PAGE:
Ramadan prompts porn crackdown in Indonesia

If citizens can't refrain themselves, a Muslim-run ministry will do it for them

John Dyer By John Dyer

On a weekly basis, Latitude News relates some of the odder stories we’ve run across in the world press. This week, we’ve got stories about Indonesia’s porn prohibition, Putin’s motorcade follies and the worldwide shark menace.

During the Islamic holy month of Ramadan — this year running from July 19 to August 18 — Muslims are expected to abstain from drinking, eating and engaging in sexual relations between sunrise to sunset.

To help good Muslims stick to those rules, the Indonesian government is cracking down on pornographic websites, The Jakarta Post reports. The government so far has blocked one million sites, most run from outside the country, the paper reported.

“We are responsible for protecting the younger generation from consuming destructive pornographic content,” says Ashwin Sasongko, an official at Indonesia’s Communications and Information Ministry, which is enforcing the ban.

But, freedom of expression concerns aside, it seems the move is as much about image — pun intended — as about substance.

First, Information Minister Tifatul Sembiring is a conservative member of the Islamic-based Prosperous Justice Party. He isn’t even in favor of men touching women who aren’t their wives or relatives. In an incident that brought new meaning to the phrase “pressing the flesh,” Sembiring said he was “forced” to shake First Lady Michelle Obama’s hand when she offered it to him during a visit to Jakarta.

Indonesian Communication and Information Minister Tifatul Sembiring. (Reuters/Dadang Tri)

Second, while Indonesia is the most populous Muslim country in the world, it’s not clear if there is a groundswell of support for anti-porn initiatives there.

Citing a Google study, the Post reports that the archipelago has the third-largest number of Internet surfers seeking pornographic sites, after China and Turkey. Major Internet service providers reported 2.5 million attempts by Indonesians to find porn online, the paper added.

Yet the Information Ministry said that officials had received 100 million public complaints about online porn this year. In 2011, the government received only 835 complaints, the paper said.

We don’t know if the 100 million tally of complaints is overblown. We do know this: Despite the crackdown, Indonesians can still log onto two million porn sites, the paper said.

“We urge people to restrain themselves from trying to access any of those porn sites,” said Sansangko. “Because no matter what, they will always be available.”

Some are more equal than others

Protesters against Russian President Vladimir Putin’s rule are becoming more creative.

In a video of the Russian presidential motorcade entering the Kremlin for Putin’s inauguration, a Russian activist group called the Society of Blue Buckets noticed that Putin’s limo didn’t have a front license plate, RIA Novosti reports. Here’s the video:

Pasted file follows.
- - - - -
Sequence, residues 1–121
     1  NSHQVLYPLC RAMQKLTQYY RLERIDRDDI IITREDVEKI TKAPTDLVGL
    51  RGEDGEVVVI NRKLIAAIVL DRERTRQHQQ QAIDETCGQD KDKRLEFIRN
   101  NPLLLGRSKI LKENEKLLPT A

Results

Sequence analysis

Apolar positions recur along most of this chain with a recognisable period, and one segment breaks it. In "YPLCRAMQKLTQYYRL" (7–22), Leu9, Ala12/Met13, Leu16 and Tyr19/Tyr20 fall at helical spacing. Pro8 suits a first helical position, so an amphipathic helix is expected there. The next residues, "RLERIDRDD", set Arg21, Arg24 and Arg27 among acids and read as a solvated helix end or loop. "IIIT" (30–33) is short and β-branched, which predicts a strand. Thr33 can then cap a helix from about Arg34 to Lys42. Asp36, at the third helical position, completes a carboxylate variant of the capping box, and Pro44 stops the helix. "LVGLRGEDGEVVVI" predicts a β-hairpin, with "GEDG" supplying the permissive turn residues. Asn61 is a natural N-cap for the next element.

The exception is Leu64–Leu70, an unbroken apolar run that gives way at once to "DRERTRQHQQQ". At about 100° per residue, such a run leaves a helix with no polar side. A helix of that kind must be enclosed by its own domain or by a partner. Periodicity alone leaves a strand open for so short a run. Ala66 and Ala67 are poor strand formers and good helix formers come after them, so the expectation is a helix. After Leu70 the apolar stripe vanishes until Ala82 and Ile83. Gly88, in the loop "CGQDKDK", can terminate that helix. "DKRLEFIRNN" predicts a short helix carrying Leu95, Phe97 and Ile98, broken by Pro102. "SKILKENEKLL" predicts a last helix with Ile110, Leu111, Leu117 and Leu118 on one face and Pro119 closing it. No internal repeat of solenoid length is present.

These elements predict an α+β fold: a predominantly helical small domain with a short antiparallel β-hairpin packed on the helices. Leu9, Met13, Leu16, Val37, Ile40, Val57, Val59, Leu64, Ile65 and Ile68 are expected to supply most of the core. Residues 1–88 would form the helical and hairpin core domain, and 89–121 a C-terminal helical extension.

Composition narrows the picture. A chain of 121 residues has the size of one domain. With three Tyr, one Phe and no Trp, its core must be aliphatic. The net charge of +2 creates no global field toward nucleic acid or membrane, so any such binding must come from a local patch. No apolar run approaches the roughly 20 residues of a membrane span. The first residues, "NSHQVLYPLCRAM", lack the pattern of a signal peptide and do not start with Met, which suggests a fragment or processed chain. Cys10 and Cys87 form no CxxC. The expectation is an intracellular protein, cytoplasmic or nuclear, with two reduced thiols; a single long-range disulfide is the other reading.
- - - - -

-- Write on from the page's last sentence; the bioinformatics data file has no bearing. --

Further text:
Under Russian law, motorists driving without a front plate reportedly can be fined as much as $150 or lose their license for a few months. So the Blue Buckets complained to the Russian police, demanding the law be strictly enforced, presumably as a snub against Putin, the former president who served his maximum two terms in a row, then was appointed prime minister and who then recently was elected president again.

The police got back to the Blue Buckets two months later, twice as long as the law permits, and said they couldn’t identify the driver, even though the car was clearly part of the president’s motorcade, the news service says.

Somehow, I think the Blue Buckets expected that.

Sharks galore

In the U.S., it feels like shark sightings are becoming more common. Take, for instance, the video of a shark trailing a kayaker off Cape Cod. The video went viral, instilling a sense that sharks were lurking under every inflatable raft between Maine and Miami Beach.

No one has been killed yet, thank the Lord, at least in the U.S.. Australia hasn’t been so lucky. Sharks have killed at least five people in the country so far this year, leading some to call for a cull of the sometimes-dangerous, always awe-inspiring creatures.

But the Australian news site Crikey argues that people’s fears of sharks are overblown. Compiling statistics from 2010, when sharks killed four Australians, the news site compares the lethality of the big fish with common household accidents:

More people died from falling from a ladder (27 deaths) or drowned in an accident involving a water craft (24) or a swimming pool (22) than died in shark attacks. Similarly, swine flu (19 deaths) had a higher toll than sharks, while 14 died in falls involving a chair, and five died as a result of accidental contact with broken glass. Being bitten or struck by a dog claimed four lives  — the same number as those killed by marine animals.

The moral of this story? Be afraid of ladders. Be very afraid.